On 19 January 2019, the 74 Ministers’ delegations participating in the 11th Global Forum for Food and Agriculture (GFFA), expressed their support to the on-going renovation of the World Animal Health Information System, OIE-WAHIS. They also entrusted the OIE to pursue the implementation of global digital structures promoting an enhanced exchange of information, thereby contributing to strengthen the cross-border fight against animal diseases.
The benefits of the upgraded World Animal Health Information System OIE-WAHIS were highlighted at the Agriculture Ministers’ conference convened on 19 January 2019 in the framework of the Global Forum for Food and Agriculture (GFFA) in Berlin, Germany, on the theme ‘Agriculture Goes Digital – Smart Solutions for Future Farming’.
The GFFA addressed how digitalisation can be leveraged to make agriculture more efficient and more sustainable, and therefore contribute to meeting the goals of the 2030 Agenda for Sustainable Development. As stated in the Ministers communiqué, ‘Digitalization in agriculture will play an important role in achieving these goals’.
The 74 Ministers attending the conference called for the development of digital systems that improve data use and accessibility, through interoperability, harmonisation and improved geo-localisation. In the interest of livestock farming, the Ministers recognised OIE-WAHIS as ‘an important component for exchanging information and for supporting Veterinary Services in designing their animal-disease control and eradication programmes’. The above-mentioned features will be included in the new OIE-WAHIS interface, which will also allow for data to be viewed, analysed and extracted more rapidly and information on animal diseases to be displayed on dynamic maps.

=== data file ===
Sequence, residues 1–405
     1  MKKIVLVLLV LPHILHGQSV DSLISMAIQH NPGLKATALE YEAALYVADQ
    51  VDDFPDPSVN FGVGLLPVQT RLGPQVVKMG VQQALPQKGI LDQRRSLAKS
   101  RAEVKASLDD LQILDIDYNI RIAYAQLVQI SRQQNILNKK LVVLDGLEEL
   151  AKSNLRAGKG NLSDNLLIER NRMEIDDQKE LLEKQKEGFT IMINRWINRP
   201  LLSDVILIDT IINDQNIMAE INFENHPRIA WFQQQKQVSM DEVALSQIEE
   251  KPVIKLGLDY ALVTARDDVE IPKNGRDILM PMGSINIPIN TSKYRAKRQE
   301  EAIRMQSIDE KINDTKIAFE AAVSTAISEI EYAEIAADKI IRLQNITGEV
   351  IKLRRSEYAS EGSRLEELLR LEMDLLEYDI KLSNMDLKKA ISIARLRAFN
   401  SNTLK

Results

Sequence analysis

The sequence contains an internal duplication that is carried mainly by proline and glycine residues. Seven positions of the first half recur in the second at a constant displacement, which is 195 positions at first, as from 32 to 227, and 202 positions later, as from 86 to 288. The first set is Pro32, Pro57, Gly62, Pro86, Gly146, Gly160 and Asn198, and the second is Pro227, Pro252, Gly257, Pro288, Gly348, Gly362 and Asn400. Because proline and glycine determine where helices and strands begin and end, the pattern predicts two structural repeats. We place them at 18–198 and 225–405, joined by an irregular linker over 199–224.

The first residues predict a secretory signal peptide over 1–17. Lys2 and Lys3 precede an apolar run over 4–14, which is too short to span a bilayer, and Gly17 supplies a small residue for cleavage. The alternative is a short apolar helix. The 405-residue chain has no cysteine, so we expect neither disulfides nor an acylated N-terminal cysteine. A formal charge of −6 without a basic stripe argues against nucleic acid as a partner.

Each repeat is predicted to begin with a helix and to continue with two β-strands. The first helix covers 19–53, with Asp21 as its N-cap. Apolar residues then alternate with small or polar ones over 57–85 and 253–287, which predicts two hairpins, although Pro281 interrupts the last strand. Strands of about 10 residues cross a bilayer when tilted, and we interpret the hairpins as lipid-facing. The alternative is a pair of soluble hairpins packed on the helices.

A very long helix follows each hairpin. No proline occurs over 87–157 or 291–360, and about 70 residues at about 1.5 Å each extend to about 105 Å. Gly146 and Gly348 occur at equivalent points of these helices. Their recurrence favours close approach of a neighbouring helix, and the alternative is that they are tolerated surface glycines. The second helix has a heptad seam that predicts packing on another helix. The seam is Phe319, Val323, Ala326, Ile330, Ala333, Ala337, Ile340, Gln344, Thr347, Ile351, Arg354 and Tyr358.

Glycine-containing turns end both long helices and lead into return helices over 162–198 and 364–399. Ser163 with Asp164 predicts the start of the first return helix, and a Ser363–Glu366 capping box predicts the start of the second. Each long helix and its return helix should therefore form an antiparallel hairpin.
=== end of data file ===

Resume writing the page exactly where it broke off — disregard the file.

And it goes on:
Yet, innovation in the digital strategy of the OIE goes beyond the upgrading of OIE-WAHIS. During a preliminary workshop, Sustainable Livestock Goes Digital, Dr Jean-Philippe Dop, OIE Deputy Director General, presented a wider overview of current developments undertaken by the OIE to improve access to information in other fields. To give an example, in 2015, the OIE initiated a global database on antimicrobials intended for use in animals. Antimicrobial resistance represents a crucial common concern for several sectors involved in global health and the Ministers recognised the benefits of digitalisation as a way to reduce the use of antimicrobial agents in animal husbandry.
Lastly, in future steps, the Ministers called for the establishment of a Digital Council for Food and Agriculture under the auspices of the United Nations that would advise governments and other relevant actors, drive the exchange of ideas and experiences, and, as a result, help to harness the opportunities presented by digitalisation. This will be done in consultation with stakeholders, which will include the OIE taking the lead on animal health and welfare issues.